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Design of a framework for inventory control: Evaluation of forecasting and inventory control system
University of Skövde, Sweden.
University of Skövde, Sweden.ORCID iD: 0000-0002-8305-4412
University of Skövde, Sweden.
2009 (English)In: Proceedings of the 19th International Conference on flexible control systems, Middlesbrough, UK, 2009, p. 573-580Conference paper, Published paper (Other academic)
Abstract [en]

Managing inventories so that overall costs are kept low, while service levels are maintained is the central issue of inventory control, which only regulates two things: the size and the timing of orders. This is typically executed through a planning method, such as the reorder point system or, less frequently, the periodic order quantity system. These take into account a forecast, supposed to gauge the average future demand, and a predetermined safety stock, buffering against forecast errors and demand uncertainty. Pure demand also influences the system, as transactions affect the inventory level. It is crucial to understand how a complete system of demand, forecasts, safety stock calculations and planning methods work together to measure service level and overall cost of the system. This paper outlines a framework for the unambiguous representation of the relations between methods that interpret environmental parameters to plan orders. A number of simulations based on the framework are run to show, how the integration of the inventory control functions may affect the overall performance of the system. The usefulness of the framework lies in its ability to make a system duplicable (i.e. to transfer an inventory control system to a simulation model, or vice versa). Not only is this property important for creating simulation models that exactly depict the system being analysed, it also enables the study of a complete system for order planning, as opposed to optimising individual methods. Studying an inclusive system allow the same metrics to be used to evaluate changes to any method in the system. Another benefit of this approach is that the system’s metrics directly reflect changes in the environment. Simulations based on this framework are precise and substantially easier to evaluate than models not adhering to any standard.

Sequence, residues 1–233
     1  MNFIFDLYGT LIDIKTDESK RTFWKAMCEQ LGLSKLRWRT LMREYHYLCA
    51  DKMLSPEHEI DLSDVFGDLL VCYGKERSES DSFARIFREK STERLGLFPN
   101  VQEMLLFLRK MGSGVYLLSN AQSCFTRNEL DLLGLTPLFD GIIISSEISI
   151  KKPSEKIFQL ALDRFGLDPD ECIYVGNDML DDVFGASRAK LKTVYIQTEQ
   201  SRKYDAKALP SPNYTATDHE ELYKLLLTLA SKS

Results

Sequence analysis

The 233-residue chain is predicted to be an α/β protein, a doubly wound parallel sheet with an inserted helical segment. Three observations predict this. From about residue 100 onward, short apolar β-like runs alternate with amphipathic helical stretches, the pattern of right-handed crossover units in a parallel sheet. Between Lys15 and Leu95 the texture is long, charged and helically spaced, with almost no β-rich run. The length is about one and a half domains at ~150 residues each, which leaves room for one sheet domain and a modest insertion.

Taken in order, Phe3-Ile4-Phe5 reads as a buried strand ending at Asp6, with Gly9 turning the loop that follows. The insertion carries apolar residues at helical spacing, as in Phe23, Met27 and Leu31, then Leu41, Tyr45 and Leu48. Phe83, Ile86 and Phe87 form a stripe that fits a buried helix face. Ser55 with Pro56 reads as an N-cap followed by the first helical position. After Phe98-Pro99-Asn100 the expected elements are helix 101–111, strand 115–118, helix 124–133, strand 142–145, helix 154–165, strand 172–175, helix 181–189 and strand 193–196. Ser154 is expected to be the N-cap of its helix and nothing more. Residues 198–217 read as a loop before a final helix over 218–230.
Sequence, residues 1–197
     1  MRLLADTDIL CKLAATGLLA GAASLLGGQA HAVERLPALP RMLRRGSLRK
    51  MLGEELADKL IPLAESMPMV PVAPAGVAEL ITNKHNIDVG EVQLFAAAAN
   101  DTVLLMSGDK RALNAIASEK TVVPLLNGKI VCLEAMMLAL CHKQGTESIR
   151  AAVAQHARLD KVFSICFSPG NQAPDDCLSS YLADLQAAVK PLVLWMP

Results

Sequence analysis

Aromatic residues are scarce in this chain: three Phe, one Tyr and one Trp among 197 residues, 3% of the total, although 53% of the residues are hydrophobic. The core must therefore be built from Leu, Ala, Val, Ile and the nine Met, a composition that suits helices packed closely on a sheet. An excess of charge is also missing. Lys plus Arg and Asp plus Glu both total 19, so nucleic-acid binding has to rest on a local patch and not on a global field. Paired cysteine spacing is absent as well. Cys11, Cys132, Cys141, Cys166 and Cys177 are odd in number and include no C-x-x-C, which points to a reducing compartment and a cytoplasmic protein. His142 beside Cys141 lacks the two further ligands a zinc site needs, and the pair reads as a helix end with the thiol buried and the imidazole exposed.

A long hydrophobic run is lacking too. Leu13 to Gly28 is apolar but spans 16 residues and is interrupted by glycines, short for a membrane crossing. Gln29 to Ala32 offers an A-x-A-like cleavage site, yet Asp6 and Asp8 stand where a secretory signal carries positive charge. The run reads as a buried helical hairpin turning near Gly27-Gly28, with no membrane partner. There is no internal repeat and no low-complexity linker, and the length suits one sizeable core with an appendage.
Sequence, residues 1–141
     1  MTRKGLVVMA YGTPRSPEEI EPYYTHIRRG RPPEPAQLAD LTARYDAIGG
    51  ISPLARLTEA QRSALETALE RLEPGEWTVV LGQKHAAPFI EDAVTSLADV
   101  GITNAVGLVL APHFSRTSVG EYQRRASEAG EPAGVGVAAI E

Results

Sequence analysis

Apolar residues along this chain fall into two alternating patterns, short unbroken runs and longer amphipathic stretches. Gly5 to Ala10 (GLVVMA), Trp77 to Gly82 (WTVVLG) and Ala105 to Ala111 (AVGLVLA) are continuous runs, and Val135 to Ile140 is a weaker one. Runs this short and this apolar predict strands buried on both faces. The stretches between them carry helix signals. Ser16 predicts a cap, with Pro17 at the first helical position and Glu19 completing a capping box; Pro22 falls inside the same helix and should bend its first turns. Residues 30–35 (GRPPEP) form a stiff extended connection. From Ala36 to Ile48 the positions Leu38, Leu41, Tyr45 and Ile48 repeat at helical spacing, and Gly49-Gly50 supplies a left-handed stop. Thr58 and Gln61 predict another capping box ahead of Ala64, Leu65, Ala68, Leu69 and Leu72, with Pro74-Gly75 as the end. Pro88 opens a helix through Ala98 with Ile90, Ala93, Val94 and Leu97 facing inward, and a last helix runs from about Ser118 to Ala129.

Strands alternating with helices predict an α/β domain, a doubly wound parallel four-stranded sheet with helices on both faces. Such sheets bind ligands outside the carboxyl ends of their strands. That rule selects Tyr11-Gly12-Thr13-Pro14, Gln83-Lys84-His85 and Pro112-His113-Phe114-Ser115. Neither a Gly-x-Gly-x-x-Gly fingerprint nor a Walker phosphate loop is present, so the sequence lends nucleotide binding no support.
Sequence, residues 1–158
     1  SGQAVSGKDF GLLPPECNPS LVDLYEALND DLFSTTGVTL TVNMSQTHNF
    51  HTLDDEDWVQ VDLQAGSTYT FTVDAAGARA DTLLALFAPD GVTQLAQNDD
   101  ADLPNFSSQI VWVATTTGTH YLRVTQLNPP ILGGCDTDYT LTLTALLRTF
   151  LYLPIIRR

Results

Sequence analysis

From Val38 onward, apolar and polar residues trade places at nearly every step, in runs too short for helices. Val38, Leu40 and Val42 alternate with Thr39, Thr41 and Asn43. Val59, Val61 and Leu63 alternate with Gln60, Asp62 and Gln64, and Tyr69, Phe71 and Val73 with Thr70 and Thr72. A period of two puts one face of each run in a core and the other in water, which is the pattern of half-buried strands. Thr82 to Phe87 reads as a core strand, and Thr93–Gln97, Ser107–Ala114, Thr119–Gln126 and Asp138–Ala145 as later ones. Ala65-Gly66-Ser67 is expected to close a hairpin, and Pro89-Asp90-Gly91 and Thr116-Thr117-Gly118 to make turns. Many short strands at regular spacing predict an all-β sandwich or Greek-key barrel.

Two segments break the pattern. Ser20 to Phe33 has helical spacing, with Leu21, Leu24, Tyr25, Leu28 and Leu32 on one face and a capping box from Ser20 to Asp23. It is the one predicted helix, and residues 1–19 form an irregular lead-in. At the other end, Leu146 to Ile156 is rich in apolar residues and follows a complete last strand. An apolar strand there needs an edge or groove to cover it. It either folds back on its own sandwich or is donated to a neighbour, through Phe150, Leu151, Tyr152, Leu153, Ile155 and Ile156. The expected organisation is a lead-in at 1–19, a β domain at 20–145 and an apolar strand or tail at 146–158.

Place, publisher, year, edition, pages
Middlesbrough, UK, 2009. p. 573-580
National Category
Transport Systems and Logistics
Identifiers
URN: urn:nbn:se:hj:diva-20839ISBN: 978-0-9562303-3-1 (print)OAI: oai:DiVA.org:hj-20839DiVA, id: diva2:611350
Conference
International Conference on flexible control systems
Available from: 2013-03-15 Created: 2013-03-15 Last updated: 2017-02-10Bibliographically approved

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Hilletofth, Per

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CiteExportLink to record
Permanent link

Direct link
Cite
Citation style
  • apa
  • harvard1
  • ieee
  • modern-language-association-8th-edition
  • vancouver
  • Other style
More styles
Language
  • de-DE
  • en-GB
  • en-US
  • fi-FI
  • nn-NO
  • nn-NB
  • sv-SE
  • Other locale
More languages
Output format
  • html
  • text
  • asciidoc
  • rtf